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Soybean Aphid Found In North Carolina PowerPoint Presentation
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Soybean Aphid Found In North Carolina

Soybean Aphid Found In North Carolina

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Soybean Aphid Found In North Carolina

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  1. Soybean Aphid Found In North Carolina John Van Duyn, NCSU Department of Entomology V. G. James Research and Extension Center Plymouth, NC

  2. Soybean Aphid in NC • In September 2005 colonies of soybean aphid, Aphis glycines (SA) were found in NC soybeans by crop consultant Stan Winslow. • He first found the pest on beans in a Chesapeake, VA field in early September; this field was sprayed. • Later in September, fields with low levels of SA were found in Gates, Currituck, and Camden counties; populations never reached the treatment threshold. • However, in 2005 many Virginia fields were treated for SA in the Northern Neck and Eastern Shore regions.

  3. Distribution of Soybean Aphid in US • SA was first discovered in MN in 2000; however, a local crop consultant claims to have seen infestations in 1999. • That same year it was also found in Wisconsin, Michigan, Indiana, and Iowa. • Since that time it has spread very rapidly and is now found in all major soybean growing states, as far south as Mississippi and Georgia. Figure 1 shows 2005 distribution of soybean aphid.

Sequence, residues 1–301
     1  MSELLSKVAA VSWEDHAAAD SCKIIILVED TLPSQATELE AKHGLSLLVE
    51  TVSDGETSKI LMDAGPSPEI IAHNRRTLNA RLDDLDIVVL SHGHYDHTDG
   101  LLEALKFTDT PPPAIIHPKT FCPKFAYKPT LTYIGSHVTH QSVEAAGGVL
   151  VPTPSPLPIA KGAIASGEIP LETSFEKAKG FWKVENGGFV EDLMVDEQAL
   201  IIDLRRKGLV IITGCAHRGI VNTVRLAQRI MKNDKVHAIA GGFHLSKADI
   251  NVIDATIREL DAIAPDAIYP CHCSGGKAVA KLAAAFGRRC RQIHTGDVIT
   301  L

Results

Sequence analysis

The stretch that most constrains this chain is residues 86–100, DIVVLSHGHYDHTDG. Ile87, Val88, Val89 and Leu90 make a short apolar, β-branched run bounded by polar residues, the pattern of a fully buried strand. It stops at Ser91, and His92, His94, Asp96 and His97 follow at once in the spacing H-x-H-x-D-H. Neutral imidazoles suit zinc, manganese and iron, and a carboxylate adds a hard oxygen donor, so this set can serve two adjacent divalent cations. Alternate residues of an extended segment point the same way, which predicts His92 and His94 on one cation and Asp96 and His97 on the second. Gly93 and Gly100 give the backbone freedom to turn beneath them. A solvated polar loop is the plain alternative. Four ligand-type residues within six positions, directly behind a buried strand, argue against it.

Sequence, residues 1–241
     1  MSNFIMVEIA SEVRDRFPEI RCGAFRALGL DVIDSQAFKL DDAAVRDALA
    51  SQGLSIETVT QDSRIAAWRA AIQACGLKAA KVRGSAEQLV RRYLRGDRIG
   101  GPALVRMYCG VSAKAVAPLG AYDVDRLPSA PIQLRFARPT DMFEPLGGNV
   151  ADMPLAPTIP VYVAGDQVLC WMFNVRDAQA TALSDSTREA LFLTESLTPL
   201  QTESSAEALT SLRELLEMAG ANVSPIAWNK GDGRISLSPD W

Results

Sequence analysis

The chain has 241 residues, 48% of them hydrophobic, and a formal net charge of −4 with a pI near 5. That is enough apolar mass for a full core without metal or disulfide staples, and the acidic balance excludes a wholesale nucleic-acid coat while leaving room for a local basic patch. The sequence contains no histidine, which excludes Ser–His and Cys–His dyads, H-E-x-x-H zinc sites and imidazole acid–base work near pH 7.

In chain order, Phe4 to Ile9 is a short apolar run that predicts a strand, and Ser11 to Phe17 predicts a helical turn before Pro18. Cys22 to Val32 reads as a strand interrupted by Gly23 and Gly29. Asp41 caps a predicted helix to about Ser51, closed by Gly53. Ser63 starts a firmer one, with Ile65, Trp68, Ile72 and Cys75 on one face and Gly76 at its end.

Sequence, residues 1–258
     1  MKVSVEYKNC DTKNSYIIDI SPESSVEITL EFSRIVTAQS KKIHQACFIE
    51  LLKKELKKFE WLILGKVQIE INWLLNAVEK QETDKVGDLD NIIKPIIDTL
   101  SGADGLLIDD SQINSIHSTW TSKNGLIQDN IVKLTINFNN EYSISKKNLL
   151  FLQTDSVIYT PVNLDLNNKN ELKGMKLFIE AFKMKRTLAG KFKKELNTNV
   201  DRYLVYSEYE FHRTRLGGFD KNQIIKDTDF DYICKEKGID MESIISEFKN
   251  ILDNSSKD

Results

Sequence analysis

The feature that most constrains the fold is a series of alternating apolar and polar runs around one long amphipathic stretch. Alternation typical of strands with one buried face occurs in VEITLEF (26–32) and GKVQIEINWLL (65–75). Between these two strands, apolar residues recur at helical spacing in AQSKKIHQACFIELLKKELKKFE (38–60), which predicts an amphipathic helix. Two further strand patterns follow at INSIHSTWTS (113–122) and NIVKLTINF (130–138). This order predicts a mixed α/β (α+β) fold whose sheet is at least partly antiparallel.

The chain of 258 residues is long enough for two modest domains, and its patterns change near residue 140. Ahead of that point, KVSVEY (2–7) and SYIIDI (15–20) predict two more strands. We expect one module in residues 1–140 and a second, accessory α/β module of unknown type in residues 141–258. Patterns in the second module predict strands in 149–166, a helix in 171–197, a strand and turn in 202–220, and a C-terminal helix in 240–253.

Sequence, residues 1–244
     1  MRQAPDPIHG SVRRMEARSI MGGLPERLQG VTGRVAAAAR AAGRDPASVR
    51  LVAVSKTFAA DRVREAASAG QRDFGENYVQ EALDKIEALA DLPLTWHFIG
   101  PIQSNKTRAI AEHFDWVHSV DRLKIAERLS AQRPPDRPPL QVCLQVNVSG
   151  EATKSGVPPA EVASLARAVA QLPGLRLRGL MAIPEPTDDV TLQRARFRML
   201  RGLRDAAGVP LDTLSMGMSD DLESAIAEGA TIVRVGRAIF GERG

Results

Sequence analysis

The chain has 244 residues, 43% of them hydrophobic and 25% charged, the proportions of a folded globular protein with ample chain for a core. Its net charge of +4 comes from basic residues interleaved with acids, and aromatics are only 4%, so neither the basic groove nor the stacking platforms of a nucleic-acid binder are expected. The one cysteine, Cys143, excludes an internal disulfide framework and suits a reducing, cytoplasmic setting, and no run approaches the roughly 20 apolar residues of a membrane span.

4. FIGURE 1.

  5. Distribution of Soybean Aphid in Asia • SA is widely distributed in eastern Asia (China, Japan, and Southeast Asia to Malaysia and Indonesia). • It has been introduced into Australia. • This wide distribution, from temperate to tropical environments, indicates that it can adapt to most regions of the US. • However, the SA introduced into the US appears to have come from northern latitudes since it uses an alternate host on which to over winter as eggs -- a behavior common to aphids adapted to cold climates.

  6. Identification of Soybean Aphid • SA is a close relative of the cotton aphid, which is commonly found in NC and is familiar to many farmers. • SA is the only aphid found in the US that will develop large colonies on soybean plants. • Adult soybean aphids are generally yellow, have black cornicles (cornicles are tail pipe looking structures at the back of the body), and are approximately 1/16 of an inch long when fully grown. • Young aphids look like adults without wings but are smaller. • Adult aphids may be wingless, or, during periods when they move, develop wings.

  7. Adult soybean aphid (wingless)

  8. Soybean aphid colony showing immature aphids